Wondering if you’ll get approved for the Apple Card? Turns out you probably don’t have to. Goldman Sachs, the bank issuing the card, is reportedly approving applications from subprime applicants, according to CNBC.
That’s not a bad thing, per se. With its payments and spending tracking features, the Apple Card was clearly built with the intention of letting customers see the benefits of paying down debt as opposed to carrying it over month-to-month. But in the post-housing-bubble era, it’s fair to look at any type of subprime lending with a wary eye.
Citing sources close to the matter, CNBC reports that Goldman Sachs won’t be handing out more credit than an applicant’s FICO score can handle, as the goal of the card is to “encourage responsible use.” The report went on to note that one new customer was approved for the Apple Card with a FICO score of about 620 said he was given a $750 limit and an interest rate of 23.99 percent. That’s actually decent if you’re credit is trashed and you’re looking to rebuild. Subprime credit cards often feature low limits, may require collateral, and have interest rates as high as 30 percent. (There’s no hard definition of subprime credit, but generally, scores under 660 prompt lenders to label you a “risky” candidate for banks.)
While it’s encouraging that you won’t get rejected out-of-hand, there are a few factors to keep in mind when applying if you’ve got less-than-stellar credit. First off, Apple markets the card as an account offering low interest rates compared to industry standards. That is, and isn’t, true. It has since updated its interest rates to 12.99 percent to 23.99 percent, and while 12.99 percent is pretty low, 23.99 is a higher than the average 19.24 percent for new cards. That’s all based on your “creditworthiness.” However, one Gizmodo commenter on a previous Apple Card story noted they were approved for a limit of $6,000 at the highest interest rate of 23.99 percent, despite having a FICO score of nearly 800. Now that could be due to many factors, but on the surface, you’d expect a lower interest rate for a higher score. A Goldman Sachs representative told Gizmodo via email that in evaluating creditworthiness, the bank considers an applicant’s TransUnion FICO score, as well as write-offs, bankruptcies, and past due payments on other credit card accounts.
Goldman Sachs did not immediately respond to our questions confirming CNBC’s report.
Here’s the thing: Banks don’t profit from being good guys. Another CNBC report notes that Citigroup, JP Morgan, Barclays (which partners with Apple on another card), and Synchrony were all interested in partnering with Apple—until they got wind of consumer friendly features like zero fees, low interest, and the app’s emphasis on paying down debt. In the report, one banker was quoted as saying “Dude, if that portfolio [Apple Card] ever makes money, I’m buying you a beer.” Bottom line: Banks like it when you carry debt because that’s how they make their profit. So it’s worth giving a closer look as to why Goldman Sachs would pick a “risky” partnership for its first-ever credit card.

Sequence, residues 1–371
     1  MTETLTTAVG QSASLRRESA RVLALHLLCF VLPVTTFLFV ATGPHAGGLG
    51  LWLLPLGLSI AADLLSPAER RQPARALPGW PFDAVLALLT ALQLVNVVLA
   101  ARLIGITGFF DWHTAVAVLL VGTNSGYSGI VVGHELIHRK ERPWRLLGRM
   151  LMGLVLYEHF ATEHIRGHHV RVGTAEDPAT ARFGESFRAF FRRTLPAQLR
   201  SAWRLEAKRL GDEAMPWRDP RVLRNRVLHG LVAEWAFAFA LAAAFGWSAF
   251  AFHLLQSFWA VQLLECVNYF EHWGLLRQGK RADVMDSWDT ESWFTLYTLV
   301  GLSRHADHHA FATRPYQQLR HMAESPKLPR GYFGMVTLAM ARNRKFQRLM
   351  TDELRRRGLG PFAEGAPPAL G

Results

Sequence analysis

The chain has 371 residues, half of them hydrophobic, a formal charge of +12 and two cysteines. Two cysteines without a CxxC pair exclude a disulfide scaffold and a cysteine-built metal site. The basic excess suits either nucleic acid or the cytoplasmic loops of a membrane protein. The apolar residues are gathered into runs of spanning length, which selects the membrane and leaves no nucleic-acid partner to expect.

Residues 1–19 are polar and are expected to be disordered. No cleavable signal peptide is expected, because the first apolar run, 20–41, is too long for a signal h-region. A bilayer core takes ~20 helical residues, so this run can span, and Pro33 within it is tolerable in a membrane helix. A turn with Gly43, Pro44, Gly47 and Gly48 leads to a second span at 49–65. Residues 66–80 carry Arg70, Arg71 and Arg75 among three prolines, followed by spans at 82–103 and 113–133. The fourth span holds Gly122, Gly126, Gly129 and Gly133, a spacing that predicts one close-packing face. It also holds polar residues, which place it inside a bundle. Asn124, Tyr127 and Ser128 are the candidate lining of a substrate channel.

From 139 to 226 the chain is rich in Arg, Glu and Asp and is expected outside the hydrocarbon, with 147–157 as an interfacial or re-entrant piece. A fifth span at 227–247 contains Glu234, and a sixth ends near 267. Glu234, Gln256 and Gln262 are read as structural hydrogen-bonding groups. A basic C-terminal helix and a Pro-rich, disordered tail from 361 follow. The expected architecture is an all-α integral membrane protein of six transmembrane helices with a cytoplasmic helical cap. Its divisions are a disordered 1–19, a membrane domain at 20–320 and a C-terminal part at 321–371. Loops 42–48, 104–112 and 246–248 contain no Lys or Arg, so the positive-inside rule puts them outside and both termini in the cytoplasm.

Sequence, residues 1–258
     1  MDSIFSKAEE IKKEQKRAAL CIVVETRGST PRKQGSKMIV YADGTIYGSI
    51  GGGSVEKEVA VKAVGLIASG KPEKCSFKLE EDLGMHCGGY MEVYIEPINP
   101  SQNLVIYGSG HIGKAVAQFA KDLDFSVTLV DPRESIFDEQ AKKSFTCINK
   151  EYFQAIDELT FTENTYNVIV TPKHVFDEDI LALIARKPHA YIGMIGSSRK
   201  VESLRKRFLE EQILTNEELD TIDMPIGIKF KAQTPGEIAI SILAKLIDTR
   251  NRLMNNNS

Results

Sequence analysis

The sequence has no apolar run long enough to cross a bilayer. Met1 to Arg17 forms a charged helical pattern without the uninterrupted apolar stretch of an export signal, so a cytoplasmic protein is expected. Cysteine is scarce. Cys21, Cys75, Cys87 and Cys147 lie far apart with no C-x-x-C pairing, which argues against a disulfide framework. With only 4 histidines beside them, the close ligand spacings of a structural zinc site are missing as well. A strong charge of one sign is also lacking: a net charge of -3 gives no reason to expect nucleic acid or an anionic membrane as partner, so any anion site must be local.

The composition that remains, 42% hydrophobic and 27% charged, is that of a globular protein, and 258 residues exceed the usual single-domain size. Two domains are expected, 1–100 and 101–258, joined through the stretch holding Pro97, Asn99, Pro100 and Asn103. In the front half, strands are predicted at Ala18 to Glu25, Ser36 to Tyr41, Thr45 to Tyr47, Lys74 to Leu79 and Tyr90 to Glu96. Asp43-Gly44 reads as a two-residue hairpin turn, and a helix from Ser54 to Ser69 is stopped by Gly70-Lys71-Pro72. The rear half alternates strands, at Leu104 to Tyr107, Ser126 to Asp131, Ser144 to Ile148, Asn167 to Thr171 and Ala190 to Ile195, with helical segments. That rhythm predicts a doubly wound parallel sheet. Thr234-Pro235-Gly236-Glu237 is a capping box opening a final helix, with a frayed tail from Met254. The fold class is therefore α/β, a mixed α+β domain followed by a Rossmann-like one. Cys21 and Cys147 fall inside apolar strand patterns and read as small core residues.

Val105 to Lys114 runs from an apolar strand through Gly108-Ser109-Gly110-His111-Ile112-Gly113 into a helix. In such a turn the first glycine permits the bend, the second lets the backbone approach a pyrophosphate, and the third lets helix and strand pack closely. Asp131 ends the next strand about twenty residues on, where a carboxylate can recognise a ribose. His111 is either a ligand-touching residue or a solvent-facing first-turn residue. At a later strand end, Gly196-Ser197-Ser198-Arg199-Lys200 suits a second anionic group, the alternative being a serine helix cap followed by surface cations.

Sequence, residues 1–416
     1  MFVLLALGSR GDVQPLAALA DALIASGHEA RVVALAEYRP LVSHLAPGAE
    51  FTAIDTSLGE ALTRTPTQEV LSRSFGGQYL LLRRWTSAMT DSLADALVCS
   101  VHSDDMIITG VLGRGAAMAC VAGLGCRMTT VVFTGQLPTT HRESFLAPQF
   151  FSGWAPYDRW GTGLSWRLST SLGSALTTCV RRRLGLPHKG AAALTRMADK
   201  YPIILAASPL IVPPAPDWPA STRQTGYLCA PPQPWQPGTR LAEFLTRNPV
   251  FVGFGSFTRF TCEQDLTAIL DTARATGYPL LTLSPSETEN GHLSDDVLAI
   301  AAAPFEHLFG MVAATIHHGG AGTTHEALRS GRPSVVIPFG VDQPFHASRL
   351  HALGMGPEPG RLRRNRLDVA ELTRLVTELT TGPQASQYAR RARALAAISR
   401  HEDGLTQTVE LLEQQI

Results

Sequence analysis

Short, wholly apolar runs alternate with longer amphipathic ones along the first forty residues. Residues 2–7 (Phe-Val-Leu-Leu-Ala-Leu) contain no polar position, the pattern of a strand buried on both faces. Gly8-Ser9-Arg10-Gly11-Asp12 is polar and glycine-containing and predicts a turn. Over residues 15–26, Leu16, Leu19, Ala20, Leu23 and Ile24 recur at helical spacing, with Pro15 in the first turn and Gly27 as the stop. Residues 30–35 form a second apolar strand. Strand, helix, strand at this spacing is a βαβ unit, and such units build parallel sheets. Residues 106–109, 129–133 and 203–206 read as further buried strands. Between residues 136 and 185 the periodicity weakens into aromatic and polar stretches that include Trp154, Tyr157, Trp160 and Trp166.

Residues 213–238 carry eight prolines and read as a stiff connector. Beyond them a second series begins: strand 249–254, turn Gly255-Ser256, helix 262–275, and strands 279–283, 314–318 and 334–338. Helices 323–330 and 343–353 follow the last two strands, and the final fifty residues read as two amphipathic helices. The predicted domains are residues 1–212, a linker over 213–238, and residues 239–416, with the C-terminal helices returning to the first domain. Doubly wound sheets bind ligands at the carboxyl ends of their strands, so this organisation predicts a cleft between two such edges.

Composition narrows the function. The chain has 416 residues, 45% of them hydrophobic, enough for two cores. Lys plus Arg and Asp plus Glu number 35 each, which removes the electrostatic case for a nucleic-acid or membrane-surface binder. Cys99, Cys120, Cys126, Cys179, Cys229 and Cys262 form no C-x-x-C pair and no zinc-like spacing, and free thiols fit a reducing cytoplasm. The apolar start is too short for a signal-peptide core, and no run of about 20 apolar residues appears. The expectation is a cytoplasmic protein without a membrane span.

Let’s do some napkin math. Using the applicant in the CNBC as an example, say you max out your Apple Card at $750 with a 23.99 percent interest. Assuming you only make the minimum payment—generally $25 per month—it would take you 47 months to pay off the debt and you’d rack up $341 in interest. Of course, that interest would be much lower at the 12.99 percent rate—totaling around $150—but that’s if you don’t use it to charge other things in the meantime. It may not seem like a whole lot to pay, but for people down on their luck or struggling to rebuild credit, it’s important to note it’s not a silver bullet either. Again, the Apple Card also isn’t going to ding you with late fees. Sure, 23.99 percent is better than the sky-high 30 percent some subprime cards offer—but it’s still Not Great.
A reminder: Goldman Sachs is a 150-year-old investment bank known for counting the uber-rich as its clientele. It also took until 2016 for the bank to admit it played a role in defrauding investors during the subprime mortgage crisis, for which it paid a $5.1 billion settlement to the Department of Justice. That’s also the same year it launched Marcus, a platform offering unsecured personal loans. CNBC notes 13 percent of Marcus loans go to subprime borrowers, while Nerdwallet notes it’s an attractive option for those with “fair to good” credit—meaning scores of 630 to 689.
None of this is to say Goldman Sach or Apple is a mustache-twirling villain looking to specifically screw over people with less-than-ideal credit. Yeah, Apple might have given a directive to accept as many customers as possible—one major reason why the card’s benefits might be so lackluster, as it has to work for everyone. It also very much wants to hook you into its Apple Pay ecosystem. Goldman Sachs very much wants to expand its presence among average consumers—probably why it’s ready to take on a potentially unprofitable venture rival banks passed on. So yes, you’ll probably get accepted if you have iffy credit, but it’s just always a good idea to give some intense side-eye to the “altruistic” intentions of banks and tech giants before climbing aboard the hype machine. And no, you’re probably not getting that super-low interest rate.